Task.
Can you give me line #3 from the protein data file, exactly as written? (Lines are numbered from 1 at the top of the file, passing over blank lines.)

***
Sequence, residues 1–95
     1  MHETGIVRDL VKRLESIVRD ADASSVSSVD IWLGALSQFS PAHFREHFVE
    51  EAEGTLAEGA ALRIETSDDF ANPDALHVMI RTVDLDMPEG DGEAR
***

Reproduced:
    51  EAEGTLAEGA ALRIETSDDF ANPDALHVMI RTVDLDMPEG DGEAR